Only if all brothers were dead was the prince of Susa promoted to viceroy, thus enabling the overlord to name his own son or nephew as the new prince of Susa. What is remarkable is how often the system did work; it was only in the Middle and Neo-Elamite periods that sons more often succeeded fathers to power.
Elamite history can be divided into three main phases: In all periods Elam was closely involved with Sumer, Babylonia, and Assyriasometimes through peaceful trade but more often through war.
In like manner, Elam was often a participant in events on the Iranian plateau. Both involvements were related to the combined need of all the lowland civilizations to control the warlike peoples to the east and to exploit the economic resources of the plateau. The Old Elamite period The earliest kings in the Old Elamite period may date to approximately bc. Already conflict with Mesopotamia, in this case apparently with the city of Ur, was characteristic of Elamite history.
The 11th king of this line entered into treaty relations with the great Naram-Sin of Akkad reigned c. The outstanding event of this period was the virtual conquest of Elam by Shulgi of the 3rd dynasty of Ur c. Eventually the Elamites rose in rebellion and overthrew the 3rd Ur dynasty, an event long remembered in Mesopotamian dirges and omen texts. About the mid 19th century bc, power in Elam passed to a new dynasty, that of Eparti.
The third king of this line, Shirukdukh, was active in various military coalitions against the rising power of Babylonbut Hammurabi was not to be denied, and Elam was crushed in bc. The Old Babylon kingdom, however, fell into rapid decline following the death of Hammurabi, and it was not long before the Elamites were able to gain revenge. Kutir-Nahhunte I attacked Samsuiluna c. It may be assumed that with this stroke Elam once again gained independence. The end of the Eparti dynasty, which occurred possibly in the late 16th century bc, is buried in silence.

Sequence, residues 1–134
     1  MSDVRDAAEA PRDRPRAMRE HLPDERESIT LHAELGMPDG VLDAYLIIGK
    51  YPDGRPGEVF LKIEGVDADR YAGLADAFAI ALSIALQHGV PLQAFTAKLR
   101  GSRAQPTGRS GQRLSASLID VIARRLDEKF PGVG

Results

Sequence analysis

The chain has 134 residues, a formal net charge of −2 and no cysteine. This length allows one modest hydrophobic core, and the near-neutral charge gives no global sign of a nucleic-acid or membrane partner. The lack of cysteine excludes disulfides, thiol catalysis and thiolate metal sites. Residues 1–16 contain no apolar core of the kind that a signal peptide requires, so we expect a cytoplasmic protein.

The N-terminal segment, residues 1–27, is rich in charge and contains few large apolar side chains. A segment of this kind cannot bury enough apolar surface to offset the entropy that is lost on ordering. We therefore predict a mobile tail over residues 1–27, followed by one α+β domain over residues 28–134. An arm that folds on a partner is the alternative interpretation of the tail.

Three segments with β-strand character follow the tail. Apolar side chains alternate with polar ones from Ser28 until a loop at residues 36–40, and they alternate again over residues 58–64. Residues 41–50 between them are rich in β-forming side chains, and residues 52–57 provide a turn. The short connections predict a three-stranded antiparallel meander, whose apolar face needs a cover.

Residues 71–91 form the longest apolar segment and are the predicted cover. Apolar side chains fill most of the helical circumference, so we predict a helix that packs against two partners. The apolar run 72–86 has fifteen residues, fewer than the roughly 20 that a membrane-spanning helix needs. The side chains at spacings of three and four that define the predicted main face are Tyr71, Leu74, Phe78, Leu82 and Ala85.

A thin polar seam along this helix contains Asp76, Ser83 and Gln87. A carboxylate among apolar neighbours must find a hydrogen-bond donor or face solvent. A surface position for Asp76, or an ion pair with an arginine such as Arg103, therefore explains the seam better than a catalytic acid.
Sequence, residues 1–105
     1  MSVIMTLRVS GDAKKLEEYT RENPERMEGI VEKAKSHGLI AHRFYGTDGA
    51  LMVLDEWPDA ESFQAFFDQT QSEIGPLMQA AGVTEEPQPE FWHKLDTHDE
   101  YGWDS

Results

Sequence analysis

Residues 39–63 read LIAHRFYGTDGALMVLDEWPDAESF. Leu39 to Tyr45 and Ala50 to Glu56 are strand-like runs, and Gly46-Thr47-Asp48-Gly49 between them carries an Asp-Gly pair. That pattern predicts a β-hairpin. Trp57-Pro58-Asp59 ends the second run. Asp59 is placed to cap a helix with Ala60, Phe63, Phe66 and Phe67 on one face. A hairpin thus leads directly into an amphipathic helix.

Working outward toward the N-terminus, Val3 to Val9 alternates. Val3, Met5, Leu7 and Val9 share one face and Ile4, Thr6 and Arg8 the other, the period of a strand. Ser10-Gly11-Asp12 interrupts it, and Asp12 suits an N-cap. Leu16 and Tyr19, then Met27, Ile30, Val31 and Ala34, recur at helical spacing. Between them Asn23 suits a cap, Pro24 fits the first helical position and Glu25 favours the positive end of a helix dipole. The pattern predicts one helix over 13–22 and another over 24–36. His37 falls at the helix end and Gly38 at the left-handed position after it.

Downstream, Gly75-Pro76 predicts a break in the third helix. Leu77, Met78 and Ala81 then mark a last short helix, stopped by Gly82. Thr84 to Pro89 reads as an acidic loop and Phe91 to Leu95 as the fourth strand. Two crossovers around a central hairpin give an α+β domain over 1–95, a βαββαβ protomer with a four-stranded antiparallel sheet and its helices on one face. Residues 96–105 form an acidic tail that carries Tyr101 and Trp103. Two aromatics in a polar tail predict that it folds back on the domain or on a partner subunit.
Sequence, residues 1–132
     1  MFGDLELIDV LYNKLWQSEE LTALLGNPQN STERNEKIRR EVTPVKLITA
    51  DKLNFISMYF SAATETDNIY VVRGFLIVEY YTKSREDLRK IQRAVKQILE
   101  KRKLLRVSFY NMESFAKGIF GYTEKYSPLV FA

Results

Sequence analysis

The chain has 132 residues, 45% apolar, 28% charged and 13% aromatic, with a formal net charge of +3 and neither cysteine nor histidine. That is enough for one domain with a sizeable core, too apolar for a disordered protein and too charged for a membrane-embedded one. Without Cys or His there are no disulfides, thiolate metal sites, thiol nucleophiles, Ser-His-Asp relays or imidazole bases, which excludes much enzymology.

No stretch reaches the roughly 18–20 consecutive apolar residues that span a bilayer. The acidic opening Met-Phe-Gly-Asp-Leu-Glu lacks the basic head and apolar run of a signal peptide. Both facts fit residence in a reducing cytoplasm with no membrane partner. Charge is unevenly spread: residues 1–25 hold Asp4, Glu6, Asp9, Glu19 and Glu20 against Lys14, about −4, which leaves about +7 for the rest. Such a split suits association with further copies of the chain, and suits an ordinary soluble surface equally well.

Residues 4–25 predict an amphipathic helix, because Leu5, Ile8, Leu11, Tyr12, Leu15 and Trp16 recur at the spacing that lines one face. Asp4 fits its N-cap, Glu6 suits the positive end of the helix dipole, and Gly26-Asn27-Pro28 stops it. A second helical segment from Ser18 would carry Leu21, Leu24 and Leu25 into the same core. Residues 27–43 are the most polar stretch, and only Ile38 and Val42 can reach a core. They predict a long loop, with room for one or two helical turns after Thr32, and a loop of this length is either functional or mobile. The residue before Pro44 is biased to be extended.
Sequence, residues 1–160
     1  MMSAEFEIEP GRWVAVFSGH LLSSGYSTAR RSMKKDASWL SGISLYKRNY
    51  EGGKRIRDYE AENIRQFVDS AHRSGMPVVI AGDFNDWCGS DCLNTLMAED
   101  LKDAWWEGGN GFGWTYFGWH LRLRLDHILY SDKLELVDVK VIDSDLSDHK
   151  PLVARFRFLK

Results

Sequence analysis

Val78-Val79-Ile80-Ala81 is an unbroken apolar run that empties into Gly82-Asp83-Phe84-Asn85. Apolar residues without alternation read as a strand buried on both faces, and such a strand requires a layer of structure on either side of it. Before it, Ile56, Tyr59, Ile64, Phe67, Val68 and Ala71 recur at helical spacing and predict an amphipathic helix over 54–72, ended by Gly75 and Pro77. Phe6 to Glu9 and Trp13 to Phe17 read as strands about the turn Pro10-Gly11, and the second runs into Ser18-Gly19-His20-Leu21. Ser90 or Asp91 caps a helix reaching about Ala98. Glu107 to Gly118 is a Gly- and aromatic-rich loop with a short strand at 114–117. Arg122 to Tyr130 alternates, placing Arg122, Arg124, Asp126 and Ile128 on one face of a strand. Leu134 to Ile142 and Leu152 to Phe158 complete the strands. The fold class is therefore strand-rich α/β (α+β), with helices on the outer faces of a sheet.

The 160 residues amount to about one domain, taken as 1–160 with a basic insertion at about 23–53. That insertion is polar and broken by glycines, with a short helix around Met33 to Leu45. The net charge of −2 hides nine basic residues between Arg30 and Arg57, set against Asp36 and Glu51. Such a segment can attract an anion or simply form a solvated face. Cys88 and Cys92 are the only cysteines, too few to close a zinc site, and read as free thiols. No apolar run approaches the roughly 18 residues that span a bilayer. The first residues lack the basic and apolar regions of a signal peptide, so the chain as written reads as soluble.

Political expansion under Khumbannumena c. Tukulti-Ninurta I of Assyria campaigned in the mountains north of Elam in the latter part of the 13th century bc. The Elamites under Kidin-Khutran, the second king after Untash-Gal, countered with a successful and devastating raid on Babylonia. In the end, however, Assyrian power seems to have been too great. Tukulti-Ninurta managed to expand, for a brief time, Assyrian control well to the south in Mesopotamia. Kidin-Khutran faded into obscurity, and the Anzanite dynasty came to an end.
After a short period of dynastic troubles, the second half of the Middle Elamite period opened with the reign of Shutruk-Nahhunte I c.
Two equally powerful and two rather less impressive kings followed this founder of a new dynasty, whose home was probably Susa, and in this period Elam became one of the great military powers of the Middle East. Tukulti-Ninurta died about bc, and Assyria fell into a period of internal weakness and dynastic conflict.